Caribbean researchers, scientists, policymakers, and key regional stakeholders are participating this week, from October 9 to 12, 2017 at the International Climate Change Conference in Port of Spain, Trinidad and Tobago. This conference is timely, given wake of the unprecedented destruction caused by successive hurricanes in Caribbean small islands during this hurricane season, which officially ends on November 30. The conference is being hosted by the Caribbean Community Climate Change Centre (CCCCC) in association with the European Union (EU), and is funded by the Global Climate Change Alliance Plus Initiative (GCCA+). It seeks to address the role of climate information in shaping and implementing climate policy and programmes in the Caribbean as well as to discuss the crucial nexus of science-policy in integrating climate change into national and regional development planning and implementation in the Caribbean. Data which is timely, relevant and robust and specific to the Caribbean was highlighted as a key need in the Caribbean small islands to enable evidence-based policymaking in the region.
During the opening ceremony today, Dr. Kenrick Leslie, Executive Director of the CCCCC noted that the Intergovernmental Panel on Climate Change (IPCC) First Assessment Report in 1990 suggested that a link between a warming climate and extreme weather events such as hurricanes. The exceptionally active hurricane season of 2017 is confirming that this prediction is real, with successive IPCC reports supporting this initial prediction of over 25 years ago, with increasingly higher confidence levels. Recently, the IPCC confirmed the outline for the Sixth Assessment Report which will include a chapter on the science of attributing extreme events to climate change.
Unfortunately, despite anecdotal data which documented that these climatic changes were being experienced here in the Caribbean, they could not be included in previous IPCC reports due to the requirement that these reports must be informed by peer-reviewed research papers. Caribbean small islands, which are highly vulnerable to the impacts of climate change, have been unable to successfully publish sufficient scientific research which could be utilized in IPCC reports – until now.
Dr. Leslie indicated that this international conference will showcase current climate information and research being carried out in the Caribbean, in particular the 1.5 to Stay Alive research project for the Caribbean region, which was funded by the Caribbean Development Bank, and showcases the consequences of global warming exceeding a 1.5 degree C threshold and the need for global mitigation efforts to be scaled up so that global warming does not exceed this threshold. This Caribbean led climate information will be incorporated into the forthcoming IPCC Special Report on 1.5.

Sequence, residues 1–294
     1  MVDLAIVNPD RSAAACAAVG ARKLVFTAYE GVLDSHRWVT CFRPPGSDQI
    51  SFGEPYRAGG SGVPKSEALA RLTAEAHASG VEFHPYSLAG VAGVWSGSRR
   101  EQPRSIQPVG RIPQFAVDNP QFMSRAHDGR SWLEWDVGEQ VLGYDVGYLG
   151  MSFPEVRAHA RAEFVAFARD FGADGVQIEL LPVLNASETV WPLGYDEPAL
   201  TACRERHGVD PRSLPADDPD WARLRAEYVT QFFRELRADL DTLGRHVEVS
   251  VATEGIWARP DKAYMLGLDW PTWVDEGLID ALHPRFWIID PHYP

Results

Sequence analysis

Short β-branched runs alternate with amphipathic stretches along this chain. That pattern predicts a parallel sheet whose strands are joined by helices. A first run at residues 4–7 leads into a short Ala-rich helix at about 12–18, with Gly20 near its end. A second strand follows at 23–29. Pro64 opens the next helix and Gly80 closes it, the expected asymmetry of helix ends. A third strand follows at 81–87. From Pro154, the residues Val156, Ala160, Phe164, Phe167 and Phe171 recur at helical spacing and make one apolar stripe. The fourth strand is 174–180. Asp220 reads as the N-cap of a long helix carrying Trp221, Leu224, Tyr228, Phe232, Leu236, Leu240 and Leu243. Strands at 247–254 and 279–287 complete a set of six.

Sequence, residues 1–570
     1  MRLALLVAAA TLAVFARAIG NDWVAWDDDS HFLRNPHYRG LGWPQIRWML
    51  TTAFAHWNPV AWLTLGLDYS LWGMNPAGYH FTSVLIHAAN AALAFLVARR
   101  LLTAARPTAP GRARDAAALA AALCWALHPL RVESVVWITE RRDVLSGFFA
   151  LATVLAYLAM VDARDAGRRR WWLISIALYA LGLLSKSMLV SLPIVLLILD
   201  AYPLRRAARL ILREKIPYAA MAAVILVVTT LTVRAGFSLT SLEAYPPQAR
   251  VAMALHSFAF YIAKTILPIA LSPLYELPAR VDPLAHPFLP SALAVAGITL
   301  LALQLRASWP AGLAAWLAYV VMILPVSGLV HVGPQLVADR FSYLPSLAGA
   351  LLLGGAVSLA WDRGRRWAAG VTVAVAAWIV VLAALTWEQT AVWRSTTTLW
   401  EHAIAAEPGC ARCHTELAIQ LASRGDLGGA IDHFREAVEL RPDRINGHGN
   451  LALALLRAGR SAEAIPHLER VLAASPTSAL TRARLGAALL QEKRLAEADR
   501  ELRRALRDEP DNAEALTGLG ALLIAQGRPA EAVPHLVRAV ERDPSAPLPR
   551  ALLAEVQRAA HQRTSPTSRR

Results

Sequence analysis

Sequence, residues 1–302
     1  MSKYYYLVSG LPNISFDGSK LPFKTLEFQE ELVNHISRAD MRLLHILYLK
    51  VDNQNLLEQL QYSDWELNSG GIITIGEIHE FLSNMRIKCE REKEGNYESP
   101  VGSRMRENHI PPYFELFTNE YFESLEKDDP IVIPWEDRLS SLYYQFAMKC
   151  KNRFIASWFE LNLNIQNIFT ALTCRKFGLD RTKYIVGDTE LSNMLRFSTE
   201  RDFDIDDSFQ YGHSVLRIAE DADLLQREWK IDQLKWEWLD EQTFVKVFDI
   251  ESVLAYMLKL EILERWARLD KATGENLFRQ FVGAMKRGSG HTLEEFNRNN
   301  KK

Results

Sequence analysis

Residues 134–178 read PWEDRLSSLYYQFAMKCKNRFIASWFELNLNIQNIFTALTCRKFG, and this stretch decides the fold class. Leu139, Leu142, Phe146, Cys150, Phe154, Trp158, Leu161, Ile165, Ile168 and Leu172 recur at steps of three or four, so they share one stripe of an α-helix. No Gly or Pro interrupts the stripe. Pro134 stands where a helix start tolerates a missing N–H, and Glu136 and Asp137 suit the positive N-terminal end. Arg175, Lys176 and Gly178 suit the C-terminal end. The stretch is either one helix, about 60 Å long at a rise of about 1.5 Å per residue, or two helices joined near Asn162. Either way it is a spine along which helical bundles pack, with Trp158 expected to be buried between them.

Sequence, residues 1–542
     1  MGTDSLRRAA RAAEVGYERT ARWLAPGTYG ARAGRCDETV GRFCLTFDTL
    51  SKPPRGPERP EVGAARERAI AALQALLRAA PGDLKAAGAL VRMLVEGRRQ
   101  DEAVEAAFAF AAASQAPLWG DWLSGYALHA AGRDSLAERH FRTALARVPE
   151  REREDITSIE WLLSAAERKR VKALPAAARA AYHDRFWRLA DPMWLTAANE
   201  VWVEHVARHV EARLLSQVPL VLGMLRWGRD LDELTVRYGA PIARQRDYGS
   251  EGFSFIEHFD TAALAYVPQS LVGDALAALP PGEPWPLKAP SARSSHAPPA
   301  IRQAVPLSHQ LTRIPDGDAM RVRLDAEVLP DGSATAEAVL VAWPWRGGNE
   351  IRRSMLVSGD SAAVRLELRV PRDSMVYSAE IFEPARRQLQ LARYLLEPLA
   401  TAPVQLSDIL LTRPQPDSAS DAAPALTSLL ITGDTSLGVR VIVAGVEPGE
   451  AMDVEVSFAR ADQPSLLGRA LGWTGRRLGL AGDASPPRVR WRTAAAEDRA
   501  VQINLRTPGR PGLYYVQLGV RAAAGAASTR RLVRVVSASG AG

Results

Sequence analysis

Science-based climate information is critical in the design and implementation of appropriate policy responses which integrates climate change into programmes, projects, and policies for national development. However, this climate information must be available and accessible to decision makers and the general public through appropriate and sustained communication and knowledge-sharing strategies to enable increased awareness of climate change and its application into decision-making at the individual, local, sectoral, national or regional levels.
Dr. Douglas Slater, Assistant Secretary-General of the Caribbean Community (CARICOM) echoed this sentiment, noting that science-based policymaking is dependent on high-quality data which is produced, analysed, and disseminated on a regular basis. CARICOM in 2016, developed an Action Plan for Statistics which supports a regional approach to the collection, production, and dissemination of data and statistics through strengthening National Statistical Offices. However, availability and accessibility of relevant and robust data is a major limitation in Caribbean countries which hinders the application of evidence-based policy-making in the region, whether on climate policy, health policy or agriculture policy. The collection, analysis, and dissemination of data is not often considered a priority by Caribbean Governments, given the other competing issues which must be addressed in their national budgets. However, data is critical for sound decision-making as well as for awareness building and sensitization on key issues, such as climate change across sectors.
This international conference on climate change for the Caribbean, therefore, provides a useful platform to showcase and discuss the current climate research being carried out by Caribbean researchers to policy-makers, key stakeholders, and the general public. Over the next few days, participants will have the opportunity to critically consider the role of climate information in decision making and relevant strategies for dissemination, communication, and integration of climate information into the development and implementation of appropriate policies and programmes on climate change mitigation and adaptation in the Caribbean.